General Storage Knowledge Sharing

Over the years , we have accumulated a number useful tips about using the various storage systems on the JHPCE cluster. Many of these reference other links on the JHPCE web site, but they are presented below in a single list.

  1. Anything I/O intensive should be done on the compute nodes rather than the jhpce01 login node.  Anything more than a quick ls (such as copying large files, recursively changing permissions, creating or extracting tar or zip archives, running a “find” on a large filesystem) should be done within a “qrsh” session on a compute node.
  2. Data transfers of files larger about 1GB should be done through rather than the login node.  The jhpce01 login node is intended for logging into the JHPCE cluster, and only has a 1Gbit network connection.  Large file transfers can fully exhaust the network bandwidth on jhpce01 and cause cluster connections to appear slow.  For details on using the transfer node, please see
  3. Try to avoid having directories with more than 100 files in them.  This is especially an issue on Lustre storage systems, such as DCL01 and DCL02, as an “ls” of a directory requires an individual network connection to the storage system for every file in the directory.  This can be painfully slow when there are hundreds or thousands of files in a directory.  If you do have directories with thousands of files in them, these files should be merged into a single tar or zip file, or broken out in a hierarchical tree structure.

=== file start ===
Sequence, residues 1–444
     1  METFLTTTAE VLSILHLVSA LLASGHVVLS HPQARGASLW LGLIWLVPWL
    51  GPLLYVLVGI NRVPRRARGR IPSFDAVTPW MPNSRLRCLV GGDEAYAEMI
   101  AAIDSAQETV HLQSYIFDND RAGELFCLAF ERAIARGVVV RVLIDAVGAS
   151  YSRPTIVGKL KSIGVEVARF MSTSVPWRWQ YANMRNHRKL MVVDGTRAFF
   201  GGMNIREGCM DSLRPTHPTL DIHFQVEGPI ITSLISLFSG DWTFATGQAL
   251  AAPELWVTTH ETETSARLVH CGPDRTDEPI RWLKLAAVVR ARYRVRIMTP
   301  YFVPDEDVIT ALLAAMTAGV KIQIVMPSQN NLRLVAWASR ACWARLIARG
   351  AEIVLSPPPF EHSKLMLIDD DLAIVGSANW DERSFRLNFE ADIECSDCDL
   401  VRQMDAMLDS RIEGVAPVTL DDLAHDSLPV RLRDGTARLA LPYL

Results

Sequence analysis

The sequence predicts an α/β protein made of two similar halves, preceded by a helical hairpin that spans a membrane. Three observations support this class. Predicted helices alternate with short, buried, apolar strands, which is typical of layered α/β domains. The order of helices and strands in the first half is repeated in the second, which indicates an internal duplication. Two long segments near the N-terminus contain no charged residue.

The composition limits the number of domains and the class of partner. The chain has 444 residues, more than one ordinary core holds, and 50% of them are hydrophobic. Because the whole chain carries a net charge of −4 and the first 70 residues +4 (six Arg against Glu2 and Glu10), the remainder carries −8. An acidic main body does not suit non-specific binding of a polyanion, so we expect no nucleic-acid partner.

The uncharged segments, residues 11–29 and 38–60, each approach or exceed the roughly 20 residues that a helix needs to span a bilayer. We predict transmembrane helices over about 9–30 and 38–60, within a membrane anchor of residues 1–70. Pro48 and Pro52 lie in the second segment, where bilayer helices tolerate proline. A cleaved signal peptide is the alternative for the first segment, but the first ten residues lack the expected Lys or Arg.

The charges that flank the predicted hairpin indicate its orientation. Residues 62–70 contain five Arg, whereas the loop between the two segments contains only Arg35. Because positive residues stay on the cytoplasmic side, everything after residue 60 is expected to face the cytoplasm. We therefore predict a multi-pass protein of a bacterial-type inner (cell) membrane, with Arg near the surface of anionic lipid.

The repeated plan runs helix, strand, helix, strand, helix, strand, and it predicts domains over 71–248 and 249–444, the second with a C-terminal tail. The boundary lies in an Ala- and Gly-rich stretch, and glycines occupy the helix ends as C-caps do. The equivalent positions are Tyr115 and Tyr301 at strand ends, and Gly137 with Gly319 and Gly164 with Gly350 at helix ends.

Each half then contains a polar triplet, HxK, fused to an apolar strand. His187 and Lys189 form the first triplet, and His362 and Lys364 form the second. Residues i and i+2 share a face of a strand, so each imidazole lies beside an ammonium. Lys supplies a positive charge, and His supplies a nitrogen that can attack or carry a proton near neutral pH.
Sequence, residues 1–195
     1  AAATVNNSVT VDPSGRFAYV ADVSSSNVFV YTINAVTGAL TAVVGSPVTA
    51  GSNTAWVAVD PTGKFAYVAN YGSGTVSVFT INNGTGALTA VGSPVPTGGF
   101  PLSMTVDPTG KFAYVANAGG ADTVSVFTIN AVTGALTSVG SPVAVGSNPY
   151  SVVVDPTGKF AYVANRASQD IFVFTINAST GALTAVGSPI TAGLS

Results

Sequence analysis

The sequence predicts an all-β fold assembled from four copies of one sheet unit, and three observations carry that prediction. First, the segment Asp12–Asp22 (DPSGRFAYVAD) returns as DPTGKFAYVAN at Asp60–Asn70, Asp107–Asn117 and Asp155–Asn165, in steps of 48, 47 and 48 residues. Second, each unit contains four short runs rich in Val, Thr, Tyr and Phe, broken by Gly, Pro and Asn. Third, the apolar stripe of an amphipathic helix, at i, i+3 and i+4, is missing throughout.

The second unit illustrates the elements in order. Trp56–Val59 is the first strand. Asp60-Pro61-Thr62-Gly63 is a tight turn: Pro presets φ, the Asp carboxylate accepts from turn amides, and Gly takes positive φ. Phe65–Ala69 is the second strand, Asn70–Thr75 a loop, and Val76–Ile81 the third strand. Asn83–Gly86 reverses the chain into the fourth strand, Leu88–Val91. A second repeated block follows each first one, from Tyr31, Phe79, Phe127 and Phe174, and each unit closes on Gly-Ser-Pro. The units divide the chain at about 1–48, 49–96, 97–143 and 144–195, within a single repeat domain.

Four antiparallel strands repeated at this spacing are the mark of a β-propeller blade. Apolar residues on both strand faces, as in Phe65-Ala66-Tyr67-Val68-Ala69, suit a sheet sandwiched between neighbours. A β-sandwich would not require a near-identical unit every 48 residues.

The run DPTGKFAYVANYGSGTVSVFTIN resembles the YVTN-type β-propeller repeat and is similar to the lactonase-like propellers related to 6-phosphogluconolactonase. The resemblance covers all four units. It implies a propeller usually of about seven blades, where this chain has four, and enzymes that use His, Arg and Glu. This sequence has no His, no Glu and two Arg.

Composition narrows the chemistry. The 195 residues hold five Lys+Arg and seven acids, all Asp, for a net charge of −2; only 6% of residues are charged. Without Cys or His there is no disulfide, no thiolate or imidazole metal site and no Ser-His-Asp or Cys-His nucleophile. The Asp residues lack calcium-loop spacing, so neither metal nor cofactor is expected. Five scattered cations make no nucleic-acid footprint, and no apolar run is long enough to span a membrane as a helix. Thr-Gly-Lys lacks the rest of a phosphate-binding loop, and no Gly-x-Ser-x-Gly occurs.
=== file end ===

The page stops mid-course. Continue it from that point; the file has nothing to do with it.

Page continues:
4. Try to avoid storing programs and scripts in DCL01 and DCL02.  We have found that using editors such as emacs and vi on text files on the Lustre-based DCL01 and DCL02 can appear to work slowly.
  5. Bear in mind that most storage on the cluster is not backed up.  We do back up home directories and a few other select directories on the DCS and DCL systems for groups that have requested backups.  We do have additional backup storage capacity available for a small fee (about $20/TB/year).
  6. Make use of your 1 TB of “fastscratch” storage for IO intensive jobs.  The 2 common areas where using fastscratch may help speed up the performance of your jobs are a) jobs that are writing lots of small intermediary files, or b) fobs that are repeatedly reading from the same large data file.  For details on using the fastscratch space, please see .  Bear in mind that files older than 30 days are systematically removed from fastscratch, so any result files that you wish to keep should be copied back to long-term storage, such as your home directory, or DCS/DCL directories.
  7. On a similar note, please remember that DCS and DCL stand for “Dirt Cheap Storage” and “Dirt Cheap Lustre”, and we designed with cost-effectiveness as a primary driving factor over performance.
  8. Sharing data can be done in several ways on the cluster:
    1. Traditional Unix file permissions and groups.  This is the simplest and preferred method of sharing data with other users on the cluster.  Please email if you would like to have a Unix group set up
    2. Access Control Lists (ACLs).  ACLs are useful in a few scenarios more fine-grained sharing of data is needed.  Please see for much more details.
  9. Sharing files with external collaborators can be done via Globus.  Please see for more information on using Globus.